Memoirs of Benjamin Franklin; Written by Himself. [Vol. 1 of 2] With His Most Interesting Essays, Letters, and Miscellaneous Writings; Familiar, Moral, Political, Economical, and Philosophical, Selected with Care from All His Published Productions, and Comprising Whatever Is Most Entertaining and Valuable to the General Reader

By Benjamin Franklin

Page 40

to return. This was another of the
great _errata_ of my life which I could wish to correct if I were to
live it over again In fact, by our expenses I was constantly kept unable
to pay my passage.

At Palmer's I was employed in composing for the second edition of
Woollaston's Religion of Nature. Some of his reasonings not appearing to
me well-founded, I wrote a little metaphysical piece, in which I made
remarks on them. It was entitled, "_A Dissertation on Liberty and
Necessity, Pleasure and Pain_." I inscribed it to my friend Ralph; I
printed a small number. It occasioned my being more considered by Mr.
Palmer as a young man of some ingenuity, though he seriously
expostulated with me upon the principles of my pamphlet, which to him
appeared abominable. My printing this pamphlet was another _erratum_.
While I lodged in _Little Britain_, I made acquaintance with one Wilcox,
a bookseller, whose shop was next door. He had an immense collection of
second-hand books. Circulating libraries were not then in use, but we
agreed that on certain reasonable terms (which I have now forgotten), I
might take, read, and return any of his books; this I esteemed a great
advantage, and I made as much use of it as I could.

My pamphlet by some means falling into the hands of one Lyons, a
surgeon, author of a book entitled "_The Infallibility of Human
Judgment_," it occasioned an acquaintance between us; he took great
notice of me, called on me often to converse on those subjects, carried
me to the Horns, a pale alehouse in ---- lane, Cheapside, and introduced
me to Dr. Mandeville, author of the Fable of the Bees, who had a club
there, of which he was the soul, being a most facetious, entertaining
companion. Lyons, too, introduced me to Dr. Pemberton,[7] at Baston's
Coffee-house, who promised to give me an opportunity, some time or
other, of seeing Sir Isaac Newton, of which I was extremely desirous;
but this never happened.

I had brought over a few curiosities, among which the principal was a
purse made of the _asbestos_, which purifies by fire. Sir Hans Sloane
heard of it, came to see me, invited me to his house in Bloomsbury
Square, showed me all his curiosities, and persuaded me to add that to
the number; for which he paid me handsomely.

At my first admission into the printing-house I took to working at
press, imagining I felt a want of the bodily exercise I had been used to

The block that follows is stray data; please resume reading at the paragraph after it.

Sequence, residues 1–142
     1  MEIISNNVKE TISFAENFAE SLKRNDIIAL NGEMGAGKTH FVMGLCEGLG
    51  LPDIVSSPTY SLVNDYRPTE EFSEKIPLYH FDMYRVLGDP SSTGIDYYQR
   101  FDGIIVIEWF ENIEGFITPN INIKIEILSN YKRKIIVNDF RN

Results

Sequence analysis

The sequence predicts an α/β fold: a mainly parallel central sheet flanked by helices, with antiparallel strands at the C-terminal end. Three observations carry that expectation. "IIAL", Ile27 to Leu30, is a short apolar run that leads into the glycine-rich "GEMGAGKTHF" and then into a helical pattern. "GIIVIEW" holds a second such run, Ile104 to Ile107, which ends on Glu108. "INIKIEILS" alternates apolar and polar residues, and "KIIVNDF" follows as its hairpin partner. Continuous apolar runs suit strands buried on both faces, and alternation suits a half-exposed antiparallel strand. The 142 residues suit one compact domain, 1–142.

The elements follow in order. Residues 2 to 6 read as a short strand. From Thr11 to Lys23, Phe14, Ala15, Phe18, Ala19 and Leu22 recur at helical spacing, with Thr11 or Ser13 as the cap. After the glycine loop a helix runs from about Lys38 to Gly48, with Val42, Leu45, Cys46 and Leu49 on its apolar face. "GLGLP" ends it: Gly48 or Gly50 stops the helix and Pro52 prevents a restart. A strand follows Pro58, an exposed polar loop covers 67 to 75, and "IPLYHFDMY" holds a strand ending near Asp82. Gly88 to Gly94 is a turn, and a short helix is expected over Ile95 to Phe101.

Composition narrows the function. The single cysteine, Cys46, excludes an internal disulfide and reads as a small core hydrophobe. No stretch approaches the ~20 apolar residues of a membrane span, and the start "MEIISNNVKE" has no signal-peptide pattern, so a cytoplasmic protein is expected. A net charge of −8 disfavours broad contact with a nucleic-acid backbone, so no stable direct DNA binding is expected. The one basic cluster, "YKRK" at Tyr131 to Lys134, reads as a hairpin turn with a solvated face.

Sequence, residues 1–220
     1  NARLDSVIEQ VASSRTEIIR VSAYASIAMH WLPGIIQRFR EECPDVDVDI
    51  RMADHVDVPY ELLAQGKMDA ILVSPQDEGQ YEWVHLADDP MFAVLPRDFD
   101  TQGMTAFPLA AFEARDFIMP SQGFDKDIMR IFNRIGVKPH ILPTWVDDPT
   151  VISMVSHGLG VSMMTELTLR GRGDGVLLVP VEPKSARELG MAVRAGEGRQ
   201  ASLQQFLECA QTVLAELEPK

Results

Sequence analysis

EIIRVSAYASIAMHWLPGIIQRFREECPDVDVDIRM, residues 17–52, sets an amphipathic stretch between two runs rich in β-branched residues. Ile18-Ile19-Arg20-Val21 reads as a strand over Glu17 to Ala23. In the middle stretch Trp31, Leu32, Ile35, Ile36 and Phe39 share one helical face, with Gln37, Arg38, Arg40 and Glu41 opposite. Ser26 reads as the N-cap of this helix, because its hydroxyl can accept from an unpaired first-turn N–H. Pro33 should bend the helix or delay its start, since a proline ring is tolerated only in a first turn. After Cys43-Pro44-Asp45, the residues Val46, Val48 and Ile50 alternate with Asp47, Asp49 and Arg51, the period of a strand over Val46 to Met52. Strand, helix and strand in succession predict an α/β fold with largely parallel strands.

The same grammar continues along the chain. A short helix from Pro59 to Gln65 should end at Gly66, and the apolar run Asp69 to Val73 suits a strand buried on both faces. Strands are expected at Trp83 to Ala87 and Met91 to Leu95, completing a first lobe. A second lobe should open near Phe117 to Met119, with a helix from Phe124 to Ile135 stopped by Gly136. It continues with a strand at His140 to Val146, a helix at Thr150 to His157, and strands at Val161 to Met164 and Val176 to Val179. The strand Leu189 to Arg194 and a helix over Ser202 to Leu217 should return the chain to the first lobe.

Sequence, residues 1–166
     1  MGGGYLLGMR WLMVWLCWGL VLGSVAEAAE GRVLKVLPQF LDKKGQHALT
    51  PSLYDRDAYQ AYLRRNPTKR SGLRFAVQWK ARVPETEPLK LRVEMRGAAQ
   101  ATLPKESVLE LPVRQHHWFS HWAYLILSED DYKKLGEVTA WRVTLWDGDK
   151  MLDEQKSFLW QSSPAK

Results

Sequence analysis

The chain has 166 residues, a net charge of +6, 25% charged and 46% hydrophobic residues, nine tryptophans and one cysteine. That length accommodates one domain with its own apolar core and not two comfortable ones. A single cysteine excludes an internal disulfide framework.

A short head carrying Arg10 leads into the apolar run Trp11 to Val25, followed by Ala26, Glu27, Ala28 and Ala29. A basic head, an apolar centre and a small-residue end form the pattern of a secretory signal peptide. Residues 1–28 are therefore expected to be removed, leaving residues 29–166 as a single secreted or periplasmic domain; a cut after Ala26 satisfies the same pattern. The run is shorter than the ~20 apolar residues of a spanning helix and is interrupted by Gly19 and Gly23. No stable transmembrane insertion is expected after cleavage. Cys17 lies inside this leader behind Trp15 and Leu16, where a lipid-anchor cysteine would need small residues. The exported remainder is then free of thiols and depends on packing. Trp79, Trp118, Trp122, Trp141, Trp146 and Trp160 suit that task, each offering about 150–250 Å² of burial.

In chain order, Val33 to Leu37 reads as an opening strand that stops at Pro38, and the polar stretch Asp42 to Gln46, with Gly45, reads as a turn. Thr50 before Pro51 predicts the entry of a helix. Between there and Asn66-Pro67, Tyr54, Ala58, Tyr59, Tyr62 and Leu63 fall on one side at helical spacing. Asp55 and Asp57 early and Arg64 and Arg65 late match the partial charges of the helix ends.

in America, where presswork is mixed with the composing. I drank

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Text Comparison with Benjamin Franklin and the First Balloons

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Benjamin Franklin and the First Balloons BY ABBOTT LAWRENCE ROTCH Reprinted from the Proceedings of the American Antiquarian Society Volume XVIII WORCESTER, MASSACHUSETTS THE DAVIS PRESS 1907 BENJAMIN FRANKLIN AND THE FIRST BALLOONS.
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There it was held down by a Cord till 5 in the afternoon, when it was to be let loose.
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With great Respect, I am, Sir, Your most obedient and most humble Servant B.
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One has ordered four of 15 feet Diameter each; I know not with what Purpose; But such is the present Enthusiasm for promoting and improving this Discovery, that probably we shall soon make considerable Progress in the art of constructing and using the Machines.
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I was not present, but am told it was filled in about ten minutes by means of burning Straw.
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Faujas de St.
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Multitudes in Paris saw the Balloon passing; but did not know there were Men with it, it being then.
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_ That is, in plain English, _burning more straw_; for tho' there is a little Mystery made, concerning the kind of Air with which the Balloon is filled, I conceive it to be nothing more than hot Smoke or common Air rarify'd, tho' in this I may be mistaken.
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We should not suffer Pride to prevent our progress in Science.
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With great and sincere Esteem, I am, Dear Sir, Your most obed^t & most humble Servant, B.
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Thus it would sooner arrive at that Region where it would be in Equilibrio with the surrounding Air, and by discharging more Sand afterwards, it might go higher if desired.
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Charles hier a 10 heures 1/4 du Soir et a dit, Que les Voyageurs etoient descendus lentement et volontairement a trois heures 3/4 dans les Marais de Nesle et d'Hebouville, une lieue et demie apres l'Isle Adam.
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_ au nomme Bertrand.
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10, "chearfully" is possibly an older spelling for "cheerfully"; p.